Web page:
it would deliver the aesthetics and technology of propaganda to the Italian Fascist and German Nazi regimes. And only a little later we see the immediate consequences of Lissitzky’s new montage and photofrescoes in their successful adaptation for the ideological needs of American politics and the campaigns for the acceleration of capitalist development through consumption. Thus, what in Lissitzky’s hands had been a tool of instruction, political education, and the raising of consciousness was rapidly transformed into an instrument for prescribing the silence of conformity and obedience [my emphasis].

That is, the adoption of montage and kindred techniques in America has been used to prescribe “the silence of conformity and obedience.” And if the message was not clear enough the first time around, Mr. Buchloh recapitulates his main point in his concluding sentence: “at the cross-section of politically emancipatory productivist aesthetics and the transformation of modernist montage aesthetics into an instrument of mass education and enlightenment, we find not only its imminent transformation into totalitarian propaganda, but also its successful adaptation for the needs of the ideological apparatus of the culture industry of Western capitalism.” No doubt we must be grateful to the courageous Mr. Buchloh for breaking the silence and conformity prescribed by the “needs of the ideological apparatus of the culture industry of Western capitalism.” But then shouldn’t he and his colleagues at October be grateful to such organs of “the ideological apparatus of the culture industry” as the National Endowment for the Arts and the New York State Council on the Arts, both of which have been longtime supporters of October? Perhaps a future issue of the magazine will be devoted to explaining why October deigns to avail itself of funds from government agencies representing a political system they consistently vilify.

The contributions of Messrs. Crimp, Buchloh, et alia, provide good examples of one side—what we might call the old-time anti-capitalist side—of the October syndrome. But while that certainly helps account for October’s cachet in the academy and among “advanced” artistic circles, it is by no means the whole story of its charms. Equally important is the more “philosophical” and “cultural” side of the October syndrome, a side for which Miss Krauss sets the tone but which has been well served by a number of able imitators.3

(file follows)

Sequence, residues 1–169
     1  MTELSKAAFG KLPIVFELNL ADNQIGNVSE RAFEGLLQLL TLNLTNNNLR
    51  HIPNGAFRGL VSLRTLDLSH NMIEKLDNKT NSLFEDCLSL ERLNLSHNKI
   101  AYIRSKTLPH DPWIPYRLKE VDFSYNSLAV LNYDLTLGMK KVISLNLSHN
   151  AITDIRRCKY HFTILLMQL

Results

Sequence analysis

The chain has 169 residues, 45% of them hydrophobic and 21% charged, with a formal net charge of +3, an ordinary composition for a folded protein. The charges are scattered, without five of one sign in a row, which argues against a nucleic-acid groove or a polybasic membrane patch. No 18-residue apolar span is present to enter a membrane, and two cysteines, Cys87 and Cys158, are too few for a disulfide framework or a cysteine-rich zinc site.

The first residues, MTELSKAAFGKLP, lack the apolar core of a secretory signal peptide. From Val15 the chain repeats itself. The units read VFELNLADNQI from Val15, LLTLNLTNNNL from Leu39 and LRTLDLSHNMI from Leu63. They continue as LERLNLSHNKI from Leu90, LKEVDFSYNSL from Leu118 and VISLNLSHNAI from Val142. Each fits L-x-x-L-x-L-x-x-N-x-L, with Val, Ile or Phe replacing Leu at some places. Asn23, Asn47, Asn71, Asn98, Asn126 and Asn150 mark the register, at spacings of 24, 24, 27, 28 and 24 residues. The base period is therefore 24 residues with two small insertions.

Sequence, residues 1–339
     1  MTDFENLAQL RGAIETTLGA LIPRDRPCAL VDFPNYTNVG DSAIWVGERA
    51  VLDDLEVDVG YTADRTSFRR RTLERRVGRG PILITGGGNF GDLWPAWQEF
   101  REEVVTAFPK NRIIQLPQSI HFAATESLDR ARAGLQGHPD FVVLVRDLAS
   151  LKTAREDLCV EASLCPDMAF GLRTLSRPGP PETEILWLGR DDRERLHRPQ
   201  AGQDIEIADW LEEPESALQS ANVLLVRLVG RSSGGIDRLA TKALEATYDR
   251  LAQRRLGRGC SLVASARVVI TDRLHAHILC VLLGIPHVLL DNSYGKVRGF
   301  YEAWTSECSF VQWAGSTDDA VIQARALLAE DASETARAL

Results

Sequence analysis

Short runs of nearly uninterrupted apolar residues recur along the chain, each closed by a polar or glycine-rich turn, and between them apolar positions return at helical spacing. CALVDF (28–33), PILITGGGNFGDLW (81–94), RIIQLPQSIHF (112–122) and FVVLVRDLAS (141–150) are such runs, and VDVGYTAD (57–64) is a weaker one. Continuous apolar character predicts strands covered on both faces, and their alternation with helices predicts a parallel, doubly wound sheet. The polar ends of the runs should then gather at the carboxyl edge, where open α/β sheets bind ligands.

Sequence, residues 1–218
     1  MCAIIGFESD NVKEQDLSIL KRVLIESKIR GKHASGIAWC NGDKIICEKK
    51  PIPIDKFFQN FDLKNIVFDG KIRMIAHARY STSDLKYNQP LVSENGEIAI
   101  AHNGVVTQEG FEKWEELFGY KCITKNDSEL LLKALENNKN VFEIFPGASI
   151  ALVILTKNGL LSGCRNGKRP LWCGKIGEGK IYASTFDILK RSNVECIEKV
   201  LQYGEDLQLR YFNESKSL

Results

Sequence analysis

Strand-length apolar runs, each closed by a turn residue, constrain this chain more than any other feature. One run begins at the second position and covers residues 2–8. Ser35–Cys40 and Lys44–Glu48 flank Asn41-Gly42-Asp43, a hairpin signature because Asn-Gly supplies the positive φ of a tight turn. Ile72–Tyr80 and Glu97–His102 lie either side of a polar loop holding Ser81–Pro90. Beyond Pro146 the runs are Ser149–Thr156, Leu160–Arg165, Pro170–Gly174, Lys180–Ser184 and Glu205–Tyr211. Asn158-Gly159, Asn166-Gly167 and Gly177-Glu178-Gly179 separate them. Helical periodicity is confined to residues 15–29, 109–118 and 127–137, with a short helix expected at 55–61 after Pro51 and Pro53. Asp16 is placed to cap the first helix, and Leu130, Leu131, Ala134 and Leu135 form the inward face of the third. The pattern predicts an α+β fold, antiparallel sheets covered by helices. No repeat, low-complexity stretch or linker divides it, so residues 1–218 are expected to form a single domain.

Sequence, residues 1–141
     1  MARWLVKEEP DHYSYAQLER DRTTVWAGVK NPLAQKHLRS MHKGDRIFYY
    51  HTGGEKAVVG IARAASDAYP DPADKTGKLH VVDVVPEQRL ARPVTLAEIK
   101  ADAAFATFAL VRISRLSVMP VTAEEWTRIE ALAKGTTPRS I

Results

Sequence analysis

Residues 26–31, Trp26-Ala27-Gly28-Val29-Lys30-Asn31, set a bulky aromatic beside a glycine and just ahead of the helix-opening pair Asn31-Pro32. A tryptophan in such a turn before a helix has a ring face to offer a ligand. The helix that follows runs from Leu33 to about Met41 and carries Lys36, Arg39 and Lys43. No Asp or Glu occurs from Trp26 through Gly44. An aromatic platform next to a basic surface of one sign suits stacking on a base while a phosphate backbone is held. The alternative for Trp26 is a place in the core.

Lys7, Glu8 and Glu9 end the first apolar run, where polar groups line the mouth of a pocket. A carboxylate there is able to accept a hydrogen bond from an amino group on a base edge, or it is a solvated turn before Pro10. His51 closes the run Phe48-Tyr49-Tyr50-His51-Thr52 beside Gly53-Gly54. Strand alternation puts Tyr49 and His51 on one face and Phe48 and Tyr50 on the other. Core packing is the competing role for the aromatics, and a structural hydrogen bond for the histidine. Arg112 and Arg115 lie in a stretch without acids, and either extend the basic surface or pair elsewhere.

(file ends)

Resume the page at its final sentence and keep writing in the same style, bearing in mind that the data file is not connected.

Of course no such collection as this would be complete without a large measure of feminist rhetoric. One finds it scattered throughout the volume, but the most amusing—though perhaps also the most frightening—instance is provided by Mary Ann Doane in her essay on feminist filmmaking, “Woman’s Stake: Filming the Female Body,” Complaining that “Cinematic images of woman [note the singular] have been so consistently oppressive and repressive that the very idea of a feminist filmmaking practice seems an impossibility,” Miss Doane proceeds to explore the ways in which a self-respecting feminist might go about the business of making films. It’s a tough job. For one thing, since in Miss Doane’s view “the essence of femininity is most frequently attached to the natural body as an immediate indicator of sexual difference, it is this body which must be refused.” Yes, it is difficult to film women—or Woman—without a body. Or is it? Miss Doane assures us that “the body is always a function of discourse,” so perhaps one could fill up the screen with “signifiers”? But the real problem, one gathers, is that the inescapably mechanical process of making films is a threat to a woman’s sexuality. As Miss Doane explains, “A machine for the production of images and sounds, the cinema generates and guarantees pleasure by a corroboration of the spectator’s identity. Because that identity is bound up with that of the voyeur and fetishist, because it requires for its support the attributes of the ‘noncastrated,’ the potential for illusory mastery of the signifier, it is not accessible to the female spectator, who, in buying her ticket, must deny her sex.” Miss Doane notwithstanding, it does seem odd that a journal that has, shall we say, “fetishized” photography and film should publish an essay denouncing a trip to the movies as something fraught with ideological danger.

The cultural side of the October syndrome is not confined to feminism, however. For sheer pretension, one of my favorite pieces was Georges Didi-Huberman’s essay on the Shroud of Turin, “Index of the Absent Wound (Monograph on a Stain).” “What we need,” muses Mr. Didi-Huberman,